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working writer wending her way through the labyrinth that is self-publishing

Monday, April 30, 2012

Desert life

Maurice and fam have been coming to the feeder on the side of our driveway. Babies are growing-- Buddha flushed a roadrunner the other day and I saw him again this morning on our walk running quickly down the road! (beep-beep) Haven't broken down and gotten roadrunner food yet. Keeping up with the white-winged doves and quail is expensive enough!

We have a King Snake who arrived about five days ago. He slithered away when he saw me but was here again yesterday afternoon--curled up next to the house. I like having him around because King Snakes kill rattlers and so I will psychically encourage him to stick around! Quite beautiful, really.

Last night the coyotes came by. I had been watching a movie on my computer and so hadn't noticed that the cat had snuck out the slider. Not only that but she's figured out how to get out of our completely enclosed back yard! Buddha was also nowhere to be seen. I wouldn't have been so worried except there was an eerie howl from a lone coyote VERY close to the house. I have never heard a sound like the one he made. It made the hair on my arms stand up! I started screaming for Buddha at the top of my lungs sure that he was being attacked at that very moment--well, here he comes from inside the house, eyes bleary and a look on his face as though to say, "What's the big deal?" Why he doesn't bark when he hears coyotes is completely beyond me--maybe he knows instinctively they are nothing to tangle with.

Meanwhile my neighbor must have heard my shouting and turned on his floodlights...coyote was gone by this time so I got a flashlight and searched for the cat since I had already exhausted all of her hiding places in the house. She was right next to the wall, on the OUTSIDE, looking up at me with wide eyes. "Come on, kitty," I crooned, moving toward her. "If you don't come in you're going to be eaten." As soon as I was close enough to grab her she turned and skittered away under some prickly brush. A most stubborn animal.  In the midst of all of this my other neighbor with the Doberman female came by. "You know why you don't see any animals loose, don't you?" she asked. I nodded.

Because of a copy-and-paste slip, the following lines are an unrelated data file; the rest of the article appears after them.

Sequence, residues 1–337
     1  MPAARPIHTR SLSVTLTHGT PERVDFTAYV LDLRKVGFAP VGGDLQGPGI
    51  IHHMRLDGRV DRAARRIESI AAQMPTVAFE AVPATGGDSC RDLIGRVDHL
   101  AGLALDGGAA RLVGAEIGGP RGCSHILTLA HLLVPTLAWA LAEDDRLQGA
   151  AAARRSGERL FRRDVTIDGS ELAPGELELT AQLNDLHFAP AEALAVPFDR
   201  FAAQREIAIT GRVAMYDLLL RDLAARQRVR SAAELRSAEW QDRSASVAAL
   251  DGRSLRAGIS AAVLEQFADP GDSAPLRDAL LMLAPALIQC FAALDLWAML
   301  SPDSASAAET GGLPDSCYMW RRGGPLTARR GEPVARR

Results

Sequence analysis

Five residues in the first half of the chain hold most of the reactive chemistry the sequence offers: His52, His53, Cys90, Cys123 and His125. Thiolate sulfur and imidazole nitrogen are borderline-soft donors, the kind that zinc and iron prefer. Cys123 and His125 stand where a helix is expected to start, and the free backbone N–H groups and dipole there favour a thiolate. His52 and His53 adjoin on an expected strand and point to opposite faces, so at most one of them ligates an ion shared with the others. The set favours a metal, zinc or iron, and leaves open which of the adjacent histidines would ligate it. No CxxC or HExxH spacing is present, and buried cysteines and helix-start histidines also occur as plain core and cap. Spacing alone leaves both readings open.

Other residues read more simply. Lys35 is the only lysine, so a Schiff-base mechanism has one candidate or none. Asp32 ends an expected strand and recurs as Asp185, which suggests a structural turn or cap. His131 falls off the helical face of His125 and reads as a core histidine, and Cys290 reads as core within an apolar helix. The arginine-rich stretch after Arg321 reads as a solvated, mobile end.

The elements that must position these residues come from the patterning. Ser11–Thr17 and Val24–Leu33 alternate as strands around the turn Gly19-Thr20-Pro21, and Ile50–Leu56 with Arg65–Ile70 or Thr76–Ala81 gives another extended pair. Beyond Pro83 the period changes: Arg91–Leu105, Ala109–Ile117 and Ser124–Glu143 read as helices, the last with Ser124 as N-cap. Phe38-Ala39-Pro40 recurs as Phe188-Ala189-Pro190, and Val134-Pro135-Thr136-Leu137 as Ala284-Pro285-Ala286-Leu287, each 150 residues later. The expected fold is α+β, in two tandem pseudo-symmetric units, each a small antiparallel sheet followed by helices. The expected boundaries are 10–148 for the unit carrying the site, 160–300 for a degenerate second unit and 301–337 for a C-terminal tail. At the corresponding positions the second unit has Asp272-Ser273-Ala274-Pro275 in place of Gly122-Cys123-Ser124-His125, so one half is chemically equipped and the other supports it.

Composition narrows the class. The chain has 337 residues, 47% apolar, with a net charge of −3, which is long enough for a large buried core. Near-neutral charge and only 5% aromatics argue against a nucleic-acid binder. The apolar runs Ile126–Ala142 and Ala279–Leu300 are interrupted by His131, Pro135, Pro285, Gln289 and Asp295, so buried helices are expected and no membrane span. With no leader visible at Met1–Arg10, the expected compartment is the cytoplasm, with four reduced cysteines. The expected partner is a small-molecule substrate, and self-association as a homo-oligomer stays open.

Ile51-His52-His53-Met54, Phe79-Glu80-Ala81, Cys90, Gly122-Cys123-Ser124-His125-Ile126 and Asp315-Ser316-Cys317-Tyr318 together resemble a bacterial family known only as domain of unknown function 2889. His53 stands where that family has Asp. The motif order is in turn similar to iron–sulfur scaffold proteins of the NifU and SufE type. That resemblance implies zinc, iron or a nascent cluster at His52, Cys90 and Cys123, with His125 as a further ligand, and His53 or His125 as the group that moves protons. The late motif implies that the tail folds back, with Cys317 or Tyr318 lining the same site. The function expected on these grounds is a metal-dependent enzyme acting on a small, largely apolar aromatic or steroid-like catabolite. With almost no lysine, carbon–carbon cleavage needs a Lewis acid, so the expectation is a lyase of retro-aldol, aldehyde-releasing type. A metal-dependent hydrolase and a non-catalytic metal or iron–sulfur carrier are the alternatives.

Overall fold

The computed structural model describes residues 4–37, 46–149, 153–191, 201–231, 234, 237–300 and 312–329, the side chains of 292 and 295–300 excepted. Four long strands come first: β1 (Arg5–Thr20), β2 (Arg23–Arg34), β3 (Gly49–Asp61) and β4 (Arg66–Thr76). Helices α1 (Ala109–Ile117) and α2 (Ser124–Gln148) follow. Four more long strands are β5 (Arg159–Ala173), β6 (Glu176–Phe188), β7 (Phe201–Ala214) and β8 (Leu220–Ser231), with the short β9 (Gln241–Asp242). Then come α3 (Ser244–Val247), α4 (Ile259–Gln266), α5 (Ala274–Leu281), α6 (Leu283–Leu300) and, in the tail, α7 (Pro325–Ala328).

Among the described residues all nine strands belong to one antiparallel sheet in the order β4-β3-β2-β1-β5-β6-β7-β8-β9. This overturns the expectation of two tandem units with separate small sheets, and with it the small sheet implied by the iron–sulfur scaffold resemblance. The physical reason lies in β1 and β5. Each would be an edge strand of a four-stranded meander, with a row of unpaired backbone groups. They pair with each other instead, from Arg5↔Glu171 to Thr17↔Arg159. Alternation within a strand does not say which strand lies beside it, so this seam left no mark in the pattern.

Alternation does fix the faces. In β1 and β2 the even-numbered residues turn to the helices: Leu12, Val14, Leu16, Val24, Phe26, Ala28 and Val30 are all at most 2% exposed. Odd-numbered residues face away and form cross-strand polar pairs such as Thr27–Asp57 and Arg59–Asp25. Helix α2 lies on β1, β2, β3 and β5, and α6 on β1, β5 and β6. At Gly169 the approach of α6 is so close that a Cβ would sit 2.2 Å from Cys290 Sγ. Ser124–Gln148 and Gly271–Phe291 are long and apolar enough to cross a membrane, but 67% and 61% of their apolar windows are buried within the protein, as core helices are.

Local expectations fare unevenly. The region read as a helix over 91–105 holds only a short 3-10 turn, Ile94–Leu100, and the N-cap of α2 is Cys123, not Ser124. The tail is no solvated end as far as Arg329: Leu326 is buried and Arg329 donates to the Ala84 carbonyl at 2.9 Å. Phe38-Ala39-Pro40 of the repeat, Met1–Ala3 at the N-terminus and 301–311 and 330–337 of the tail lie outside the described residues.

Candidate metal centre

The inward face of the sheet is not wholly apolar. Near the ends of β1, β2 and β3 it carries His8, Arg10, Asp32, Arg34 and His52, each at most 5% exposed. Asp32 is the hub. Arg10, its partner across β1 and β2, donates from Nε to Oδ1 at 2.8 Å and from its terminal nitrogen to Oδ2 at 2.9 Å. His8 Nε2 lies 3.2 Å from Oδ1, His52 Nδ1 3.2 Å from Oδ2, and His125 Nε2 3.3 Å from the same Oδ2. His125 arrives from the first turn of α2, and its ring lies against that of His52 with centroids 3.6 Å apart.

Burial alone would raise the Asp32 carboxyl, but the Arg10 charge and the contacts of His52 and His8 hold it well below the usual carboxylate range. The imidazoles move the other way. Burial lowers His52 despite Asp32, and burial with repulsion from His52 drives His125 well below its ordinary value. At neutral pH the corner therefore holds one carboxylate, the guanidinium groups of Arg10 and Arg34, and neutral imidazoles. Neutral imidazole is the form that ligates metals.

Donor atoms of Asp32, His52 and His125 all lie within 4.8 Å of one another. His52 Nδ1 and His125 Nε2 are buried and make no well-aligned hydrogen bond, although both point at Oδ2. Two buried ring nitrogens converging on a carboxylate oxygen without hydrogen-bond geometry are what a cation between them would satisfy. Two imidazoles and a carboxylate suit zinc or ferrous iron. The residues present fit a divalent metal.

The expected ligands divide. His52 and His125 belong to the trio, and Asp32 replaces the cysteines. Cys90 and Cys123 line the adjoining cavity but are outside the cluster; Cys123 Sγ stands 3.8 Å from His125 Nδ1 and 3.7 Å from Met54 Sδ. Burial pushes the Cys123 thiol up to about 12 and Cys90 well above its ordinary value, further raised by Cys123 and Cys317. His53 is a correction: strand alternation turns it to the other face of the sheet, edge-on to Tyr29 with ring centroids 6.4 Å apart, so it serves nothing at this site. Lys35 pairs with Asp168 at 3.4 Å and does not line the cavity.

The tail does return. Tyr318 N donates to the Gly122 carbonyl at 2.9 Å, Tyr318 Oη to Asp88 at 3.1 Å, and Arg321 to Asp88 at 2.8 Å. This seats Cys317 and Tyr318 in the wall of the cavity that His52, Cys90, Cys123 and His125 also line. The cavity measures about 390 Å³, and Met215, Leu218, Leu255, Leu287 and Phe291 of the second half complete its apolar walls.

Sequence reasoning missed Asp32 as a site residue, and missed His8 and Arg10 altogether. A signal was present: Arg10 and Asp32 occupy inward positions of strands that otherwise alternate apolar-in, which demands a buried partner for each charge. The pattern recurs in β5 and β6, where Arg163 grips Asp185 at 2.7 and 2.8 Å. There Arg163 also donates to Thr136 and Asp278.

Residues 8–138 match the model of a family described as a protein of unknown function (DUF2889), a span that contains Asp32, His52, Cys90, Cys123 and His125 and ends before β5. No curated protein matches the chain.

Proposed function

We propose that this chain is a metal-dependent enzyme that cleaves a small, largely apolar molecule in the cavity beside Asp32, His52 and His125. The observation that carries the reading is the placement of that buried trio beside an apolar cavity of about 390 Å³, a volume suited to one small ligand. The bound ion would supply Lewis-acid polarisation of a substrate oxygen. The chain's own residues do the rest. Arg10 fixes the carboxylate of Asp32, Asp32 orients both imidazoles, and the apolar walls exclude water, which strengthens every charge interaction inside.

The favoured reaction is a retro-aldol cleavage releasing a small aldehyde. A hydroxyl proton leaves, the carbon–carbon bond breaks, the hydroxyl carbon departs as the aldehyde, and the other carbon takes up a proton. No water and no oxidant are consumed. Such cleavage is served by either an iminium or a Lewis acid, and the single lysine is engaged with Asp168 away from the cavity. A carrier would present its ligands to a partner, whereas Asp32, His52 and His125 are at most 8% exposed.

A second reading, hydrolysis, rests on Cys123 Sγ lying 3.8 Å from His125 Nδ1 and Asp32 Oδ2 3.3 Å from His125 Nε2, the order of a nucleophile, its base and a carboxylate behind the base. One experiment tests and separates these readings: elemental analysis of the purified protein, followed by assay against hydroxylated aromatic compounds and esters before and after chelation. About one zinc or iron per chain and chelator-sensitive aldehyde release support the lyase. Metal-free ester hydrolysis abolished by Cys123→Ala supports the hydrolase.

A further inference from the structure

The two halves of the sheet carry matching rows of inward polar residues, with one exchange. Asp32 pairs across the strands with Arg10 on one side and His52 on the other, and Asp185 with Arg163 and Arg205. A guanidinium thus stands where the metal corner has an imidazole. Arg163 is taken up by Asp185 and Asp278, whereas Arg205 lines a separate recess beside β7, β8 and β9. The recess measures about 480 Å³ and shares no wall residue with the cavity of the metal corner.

I left one of the gates to the yard propped open for Minnie, locked the doors and went to bed. An hour or so later I could here the coyotes again and ran to call her--no response. I finally had to give it up and let fate take over. With the help of some muscle relaxants I was finally able to drift off.

She arrived at the slider a little before six a.m. I let her in, closed the door and went back to bed. I didn't get up until seven which these days is late for me...sun was already high above the mountain.. I'm not sure how to handle this--shall I only let her out when I'm in the back yard so she doesn't do her disappearing act or should I try and turn her into a house cat? I hate keeping doors closed all the time and unless this becomes my practice I'm sure last night's scenario will repeat...

 Our laid back, fat and placid cat has become an escape artist, caught a Canyon Wren and released it in the house and spent two entire nights outside. Her younger more wild days have resurfaced! And by the way, I caught the wren, a young one, and released him unharmed.


  1. Cats are notoriously hard to keep in an enclosure. There are some special fences and/or plans you can easily find on line, but they are pretty involved, and imo make a yard feel like a prison. I am often concerned for the birds. Lots of birders say cats should never be allowed outside. But, my cats are so much more alive when they can go out. They're pretty old and don't do much anymore, though they have killed birds before. I live in town and don't have any threatened birds here, and I've started keeping an eye out for where the birds' nests are and discouraging the cats from getting near them. Harder to protect the frogs and toads, though seems often as not I get the cats to drop them and escort the frog out the door, where it hops away looking just fine. As for predators, we have plenty. My cats are pretty smart, but I do keep them in after their dinner.

  2. thanks for your comment, Rachel--I doubt that Minnie will kill a bird at her advanced age but she likes to hang out and threaten them...as far as keeping her in, I decided I can't do it. I will, however try to keep her in the enclosed back yard and keep an eye on her and not let her out at night...(good luck, right?)

  3. Okay, so king snakes kill rattlers. What do they do to humans?

  4. nothing as far as I know...they dine on other snakes, lizards and bird eggs...nonvenomous they kill by constriction...